I am lucky that I am surrounded by people that also cook really well and it's really lovely when they cook for me. I just arrived in Copenhagen to teach and I was gifted by a wonderful meal from my partner, Martin, who knows how much I love good seafood. He took me to the amazing seafood market down at the Copenhagen Harbor and bought some mussels and fish that he cooked for me. I just loved how he made the mussels and will definitely make these myself when he's not around to make them for me. They were so good! The salmon was great too, but that's a recipe for another day. Martin made the mussels with shallots, celery and fennel and then added in a good white wine, some cream, parsley and just a hint of lemon. They were so delicious that I simply couldn't top eating them. The broth was light, savory and aromatic and also creamy and soothing. The mussels were plump and sweet and the fennel and celery were lightly crisp. It was wonderful combination of textures. I've had mussels many ways, but this way is now one of my favorites. If you like mussels, you need to try this version!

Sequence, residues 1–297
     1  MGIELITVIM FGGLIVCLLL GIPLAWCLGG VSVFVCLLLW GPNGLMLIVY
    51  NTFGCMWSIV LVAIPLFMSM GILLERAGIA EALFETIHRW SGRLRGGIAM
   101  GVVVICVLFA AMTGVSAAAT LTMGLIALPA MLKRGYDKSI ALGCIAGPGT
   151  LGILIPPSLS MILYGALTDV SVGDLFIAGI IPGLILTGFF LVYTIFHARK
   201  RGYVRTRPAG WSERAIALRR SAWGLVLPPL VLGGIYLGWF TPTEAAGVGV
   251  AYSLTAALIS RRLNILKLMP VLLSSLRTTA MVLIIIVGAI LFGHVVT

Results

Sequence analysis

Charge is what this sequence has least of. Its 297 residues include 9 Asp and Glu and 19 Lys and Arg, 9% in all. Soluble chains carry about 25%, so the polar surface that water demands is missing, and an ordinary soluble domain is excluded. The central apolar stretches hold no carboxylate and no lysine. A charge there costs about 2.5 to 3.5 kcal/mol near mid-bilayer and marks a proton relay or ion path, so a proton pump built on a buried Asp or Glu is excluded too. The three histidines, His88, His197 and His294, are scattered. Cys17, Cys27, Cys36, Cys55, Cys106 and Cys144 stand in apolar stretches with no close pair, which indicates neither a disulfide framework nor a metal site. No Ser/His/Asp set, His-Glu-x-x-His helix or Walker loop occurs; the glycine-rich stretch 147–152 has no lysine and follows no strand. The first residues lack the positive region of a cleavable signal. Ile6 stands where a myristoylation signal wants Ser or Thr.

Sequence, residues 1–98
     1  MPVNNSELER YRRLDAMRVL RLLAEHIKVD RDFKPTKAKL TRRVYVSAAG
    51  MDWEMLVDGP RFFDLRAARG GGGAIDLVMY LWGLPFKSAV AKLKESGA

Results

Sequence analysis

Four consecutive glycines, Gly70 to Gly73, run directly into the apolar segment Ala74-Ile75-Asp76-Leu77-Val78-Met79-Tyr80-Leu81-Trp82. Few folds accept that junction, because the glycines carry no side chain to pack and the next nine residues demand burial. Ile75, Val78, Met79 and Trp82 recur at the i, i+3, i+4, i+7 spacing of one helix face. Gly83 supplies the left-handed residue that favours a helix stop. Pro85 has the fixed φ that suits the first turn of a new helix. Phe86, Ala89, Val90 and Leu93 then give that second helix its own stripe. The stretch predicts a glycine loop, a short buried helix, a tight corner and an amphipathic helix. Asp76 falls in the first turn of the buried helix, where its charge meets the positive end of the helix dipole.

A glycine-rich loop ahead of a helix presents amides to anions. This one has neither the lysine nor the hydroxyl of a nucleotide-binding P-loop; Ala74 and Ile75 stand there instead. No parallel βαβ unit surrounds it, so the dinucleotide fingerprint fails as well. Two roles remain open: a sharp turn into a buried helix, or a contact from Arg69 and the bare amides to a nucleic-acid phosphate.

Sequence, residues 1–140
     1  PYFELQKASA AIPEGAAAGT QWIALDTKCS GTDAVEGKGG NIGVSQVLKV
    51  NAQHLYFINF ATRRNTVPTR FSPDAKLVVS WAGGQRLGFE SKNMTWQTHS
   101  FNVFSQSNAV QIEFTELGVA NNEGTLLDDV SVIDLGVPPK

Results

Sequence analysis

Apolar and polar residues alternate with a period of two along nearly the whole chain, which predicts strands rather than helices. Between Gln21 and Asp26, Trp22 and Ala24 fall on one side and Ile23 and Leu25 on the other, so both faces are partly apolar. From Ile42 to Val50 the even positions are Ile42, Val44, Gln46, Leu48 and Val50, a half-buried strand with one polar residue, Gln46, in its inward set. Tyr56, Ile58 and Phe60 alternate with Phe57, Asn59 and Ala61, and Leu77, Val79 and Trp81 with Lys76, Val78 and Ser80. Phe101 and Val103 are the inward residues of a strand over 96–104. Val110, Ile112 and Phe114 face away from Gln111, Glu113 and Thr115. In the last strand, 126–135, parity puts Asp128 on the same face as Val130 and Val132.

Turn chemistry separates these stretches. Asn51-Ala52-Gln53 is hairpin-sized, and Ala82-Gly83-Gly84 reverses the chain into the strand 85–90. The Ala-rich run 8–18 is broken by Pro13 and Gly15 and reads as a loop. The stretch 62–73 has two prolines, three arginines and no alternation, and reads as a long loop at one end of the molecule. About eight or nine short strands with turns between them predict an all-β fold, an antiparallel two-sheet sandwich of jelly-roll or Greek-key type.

Martin's Mussels in a Fennel Cream Broth
2 pounds Mussels, rinsed and beards removed
2 Tablespoons Salted Butter
1 large shallot (or 2 small), chopped fine
1 Fennel Bulb, trimmed and cut into slices
3 staks Celery, trimmed and cut into thin slices
2 cups White Wine (he used a Heritages Cote du Rhone)
Grated peel from 1/2 of a lemon
1 teaspoon Sea Salt
1 cup Cream
In a large pot, melt the butter and add in the shallots stirring until they become translucent. Stir in the white wine and bring to a boil. Put in the mussels and cook for 5 minutes. Take off the heat and add the cream, lemon peel, celery, fennel and parsley. Stir to wilt the parsley and soften the celery and fennel. Serve in the shell in large bowls with lots of crusty bread to sop up the broth or you can take the mussels out of the shell and make it into more of a soup like I did.
Five Element Analysis
Mussels, being shellfish in their blue-black shells clearly belong to the Water Element so that element is fully represented. The fennel and celery add the Wood Element, whereas the lemon peel contributes just a hint of the Fire Element but the white wine adds in a lot more. The cream and parsley bring in the Metal Element so this dish is fully balanced in a five element way!